I realised I had to ask for help, say, ‘you know, I’m homeless, I’m in a really tricky situation here’. And that’s hard, especially when you’ve learnt to rely on yourself. I’m 52 and for most of my life I’ve tried to do everything on my own – I suppose because I didn’t feel like I could ask for help, I didn’t feel like I could be vulnerable in case I was judged or treated differently as a result. But actually, asking for help is really important, being honest and open with the people you care about can really make a difference. I found it when I shared my experiences of abuse in my 40s, and I’ve found it again during the pandemic. No matter what you think, people don’t judge you like you think they will. You build so much up in your head, you think people will make assumptions about who you are – and that really isn’t the case. Mostly, people just want to support you. 

I’m part of a number of men’s support groups, and I hear men talk about different things that they’re trying to deal with. You hear about their fears, about being vulnerable, their fear about being judged, their fear about being seen as weak. Unless you ask for the help, you can’t be seen, you can’t be heard. And you can’t heal. That’s a fundamental thing for me, to be able to heal. I know that self healing is possible, but you have to be vulnerable in order for that healing process to start and that’s very difficult.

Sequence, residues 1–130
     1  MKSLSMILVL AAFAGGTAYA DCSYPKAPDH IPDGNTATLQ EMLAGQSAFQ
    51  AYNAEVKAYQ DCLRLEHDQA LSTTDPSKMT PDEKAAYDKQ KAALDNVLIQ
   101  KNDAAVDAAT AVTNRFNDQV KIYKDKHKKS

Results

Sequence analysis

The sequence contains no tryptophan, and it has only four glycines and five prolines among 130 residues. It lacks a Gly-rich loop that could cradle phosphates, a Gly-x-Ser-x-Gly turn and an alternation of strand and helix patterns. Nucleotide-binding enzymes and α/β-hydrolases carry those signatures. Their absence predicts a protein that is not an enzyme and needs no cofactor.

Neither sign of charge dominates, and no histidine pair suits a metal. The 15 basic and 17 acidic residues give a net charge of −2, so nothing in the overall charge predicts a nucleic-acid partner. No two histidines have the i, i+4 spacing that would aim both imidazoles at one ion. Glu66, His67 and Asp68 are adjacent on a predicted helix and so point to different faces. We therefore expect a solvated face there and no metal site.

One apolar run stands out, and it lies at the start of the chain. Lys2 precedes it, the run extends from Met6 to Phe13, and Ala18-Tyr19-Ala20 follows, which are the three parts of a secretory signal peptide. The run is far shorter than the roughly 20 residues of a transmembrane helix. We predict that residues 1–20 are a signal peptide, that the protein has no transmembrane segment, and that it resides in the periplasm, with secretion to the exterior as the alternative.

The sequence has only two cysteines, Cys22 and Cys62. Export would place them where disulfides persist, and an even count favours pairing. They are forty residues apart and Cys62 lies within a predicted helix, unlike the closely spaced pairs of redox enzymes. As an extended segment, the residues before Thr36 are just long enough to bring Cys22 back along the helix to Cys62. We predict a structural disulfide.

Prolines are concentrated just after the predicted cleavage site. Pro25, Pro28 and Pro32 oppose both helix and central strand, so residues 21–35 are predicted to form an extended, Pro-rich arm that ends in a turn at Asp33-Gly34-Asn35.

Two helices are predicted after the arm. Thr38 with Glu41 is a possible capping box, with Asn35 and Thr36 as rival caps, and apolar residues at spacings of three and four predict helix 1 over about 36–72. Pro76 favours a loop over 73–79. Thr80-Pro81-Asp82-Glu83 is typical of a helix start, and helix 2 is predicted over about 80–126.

I think what I’ve learnt during the pandemic, and to an extent across my life, is to only focus on what you can control. If you can’t control something, let it go. You can’t influence government decisions, that’s out of your hands, but you can change how you cope on a day to day basis. If you take one thing at a time and really think about what you need, then you can start to make things better. You can’t deal with everything that’s getting you down all at once, but if you take things one step at a time and start with your immediate priority and then the next thing and the next thing, it takes you on the journey you need to be on.